DePaul University Tour Shut Down by Protestors, Lead by Self-Styled Free Speech Warrior Milo Yiannopoulos
At DePaul University this week, Milo Yiannopoulos had a tour event shut down by protesters. We can support the protests and at the same time note that this kind of confrontation is his meat and drink.
At DePaul, the self-styled free speech warrior and his fans once again did not prove to be as robust as their rhetoric. When protesters arrived they begged for the intercession of cops, and cartoonish redpill tough guy Matt Forney complained about being manhandled.
Nevertheless, the event received the usual hagiographic treatment on Breitbart and the Daily Caller, and once again Yiannopoulos was able to portray himself as the alt-right’s courageous truth-teller.
He was fortunate, in a way. On his current US campus tour, alleged threats to his free speech, and the back and forth between Yiannopoulos and his antagonists have been the only thing sustaining interest in the whole enterprise.
I know because I attended a Milo event at which there was no left reception committee. When he appears unchallenged, the Milo show is the dampest of squibs.
At the University of Oregon, where I saw him, it was not clear that he was especially grateful for the platform, or the lack of interruptions.
“Your professors are cunts, on the whole,” he tells the mostly student audience in an almost-full auditorium, “limp-wristed, pacifistic, sandal-wearing weirdos.”
It goes on like this for hours - the epithets are relentless and the provocations artless. Without hostile interruptions, Yiannopoulos’s act, which unfortunately relies entirely on him speaking, is a one-note affair.
The Oregon engagement begins, like the others, with a one on one interview. Tonight his interlocutor is the co-president of the local branch of Young Americans for Liberty, who are sponsoring the evening. Then comes an open question and answer session, and Milo finishes up by giving fans an opportunity to take selfies with one of the right’s rising stars.
But right now, that’s a long way off. First, we have to wade through the redpill boilerplate that constitutes Milo’s political views.
“There is an assault in this country”, he informs his interviewer, “on straight white men”, waged by “middle class women and cucks.” In this case the latter is being used to describe male feminists, who “don’t need to be castrated, they’ve done it themselves.”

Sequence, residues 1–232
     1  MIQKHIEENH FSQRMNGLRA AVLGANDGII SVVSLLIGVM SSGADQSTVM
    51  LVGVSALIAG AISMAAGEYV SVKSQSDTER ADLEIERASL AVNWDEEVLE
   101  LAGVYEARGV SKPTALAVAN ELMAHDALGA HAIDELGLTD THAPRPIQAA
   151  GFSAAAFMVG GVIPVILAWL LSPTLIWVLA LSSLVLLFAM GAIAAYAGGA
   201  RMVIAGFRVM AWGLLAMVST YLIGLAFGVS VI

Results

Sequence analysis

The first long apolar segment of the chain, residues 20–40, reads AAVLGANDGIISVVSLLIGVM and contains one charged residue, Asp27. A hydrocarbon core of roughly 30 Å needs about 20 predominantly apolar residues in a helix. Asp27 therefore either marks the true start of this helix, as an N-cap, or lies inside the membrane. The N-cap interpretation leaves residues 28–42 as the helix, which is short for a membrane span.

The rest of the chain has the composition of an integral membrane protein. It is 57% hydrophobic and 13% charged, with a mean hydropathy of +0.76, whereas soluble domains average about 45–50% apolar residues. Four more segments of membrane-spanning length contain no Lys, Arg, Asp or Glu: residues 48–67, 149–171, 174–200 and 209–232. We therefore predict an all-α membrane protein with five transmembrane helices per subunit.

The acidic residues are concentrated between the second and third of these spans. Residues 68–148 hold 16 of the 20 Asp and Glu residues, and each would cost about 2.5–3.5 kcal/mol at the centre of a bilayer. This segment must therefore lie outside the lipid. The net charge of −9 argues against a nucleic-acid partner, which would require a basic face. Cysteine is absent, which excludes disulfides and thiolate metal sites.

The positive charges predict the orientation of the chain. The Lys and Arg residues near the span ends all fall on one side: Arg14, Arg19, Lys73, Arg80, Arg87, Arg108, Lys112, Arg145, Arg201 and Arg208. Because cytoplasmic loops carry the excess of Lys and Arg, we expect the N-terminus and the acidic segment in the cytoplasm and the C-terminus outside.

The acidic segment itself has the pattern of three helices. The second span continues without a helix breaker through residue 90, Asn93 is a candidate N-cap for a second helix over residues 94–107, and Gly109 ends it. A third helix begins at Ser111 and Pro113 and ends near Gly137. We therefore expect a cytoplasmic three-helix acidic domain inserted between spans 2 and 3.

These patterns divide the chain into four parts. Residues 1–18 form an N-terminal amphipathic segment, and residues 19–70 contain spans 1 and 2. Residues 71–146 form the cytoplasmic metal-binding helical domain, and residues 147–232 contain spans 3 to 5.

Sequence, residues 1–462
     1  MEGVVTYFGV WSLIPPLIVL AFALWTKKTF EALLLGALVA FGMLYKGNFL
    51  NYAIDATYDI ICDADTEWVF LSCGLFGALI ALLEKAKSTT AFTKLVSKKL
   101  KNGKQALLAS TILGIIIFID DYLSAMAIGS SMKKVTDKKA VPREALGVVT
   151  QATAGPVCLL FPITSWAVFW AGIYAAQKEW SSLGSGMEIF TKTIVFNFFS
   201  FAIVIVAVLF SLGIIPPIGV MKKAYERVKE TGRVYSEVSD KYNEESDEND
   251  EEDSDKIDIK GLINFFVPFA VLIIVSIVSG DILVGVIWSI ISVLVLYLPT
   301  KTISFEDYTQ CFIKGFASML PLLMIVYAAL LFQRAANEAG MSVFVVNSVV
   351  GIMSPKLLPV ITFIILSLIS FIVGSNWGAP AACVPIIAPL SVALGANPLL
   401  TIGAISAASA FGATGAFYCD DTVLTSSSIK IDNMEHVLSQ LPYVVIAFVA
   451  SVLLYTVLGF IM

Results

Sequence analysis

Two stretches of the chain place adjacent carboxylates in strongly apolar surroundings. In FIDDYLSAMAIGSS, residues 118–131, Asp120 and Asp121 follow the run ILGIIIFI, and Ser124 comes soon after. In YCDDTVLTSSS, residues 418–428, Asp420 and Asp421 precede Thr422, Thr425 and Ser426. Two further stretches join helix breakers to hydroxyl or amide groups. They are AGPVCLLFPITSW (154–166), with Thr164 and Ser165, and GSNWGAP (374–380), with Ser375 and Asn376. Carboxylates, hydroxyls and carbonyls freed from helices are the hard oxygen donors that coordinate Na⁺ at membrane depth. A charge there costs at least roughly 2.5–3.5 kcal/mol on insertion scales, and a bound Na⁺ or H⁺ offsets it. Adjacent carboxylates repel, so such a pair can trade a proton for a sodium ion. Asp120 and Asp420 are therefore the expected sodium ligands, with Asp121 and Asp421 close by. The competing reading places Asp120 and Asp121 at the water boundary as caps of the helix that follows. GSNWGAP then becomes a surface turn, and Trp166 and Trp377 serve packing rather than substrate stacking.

Moving onto rape culture, which he considers a myth, he asks, with a theatrical moan, “Is there anything worse than consent?”
These opinions are odious, of course, but in another way utterly banal. Most adults will find Yiannopoulos’s show exactly as transgressive as a dirty joke told by a racist uncle. He wants desperately to cause deep offence to the left, and with some campus-based comrades, he clearly succeeds. Others will struggle to muster an eye-roll. I’ve heard pithier put-downs of progressives on Australian bar stools.
So why are all these other people laughing?
After all, even if you agree with this stuff, there’s not much here that’s new. Milo described the alt-right, for which he as a kind of spokesman, as a group which is “young, creative and eager to commit secular heresies”.
But anyone who’s ever listened to Michael Savage or Mark Levin, or even waited around in a small-town barber shop has already encountered all of this guff at punishing length. If there’s a difference, it’s purely a matter of presentation.
His core politics are similar to those of the mens rights movement - he hates feminists and claims they’re waging a war on the *real* victims, men. But everyone on the American right pretty much agrees with this. He calls lesbians names and questions whether there should be further Muslim immigration. But these are not novel sentiments either.
For sheltered campus conservatives in provincial college towns, though, it all sounds terribly naughty, even revolutionary. Not because of what’s being said, which is “redpill” boilerplate, but because of who is saying it.
In an irony whose full implications escape his audience - who are not, on the whole, well-attuned to such things - his identity is the only real value he adds to an otherwise bog-standard litany of complaints.
The conservative ecosystem is variously populated by talk-radio mastodons; dessicated, reptilian columnists; and near-vegetative think-tankers with about as much charisma as their lanyards. In this Jurassic world, Milo can self-consciously promote himself as something disruptive and new.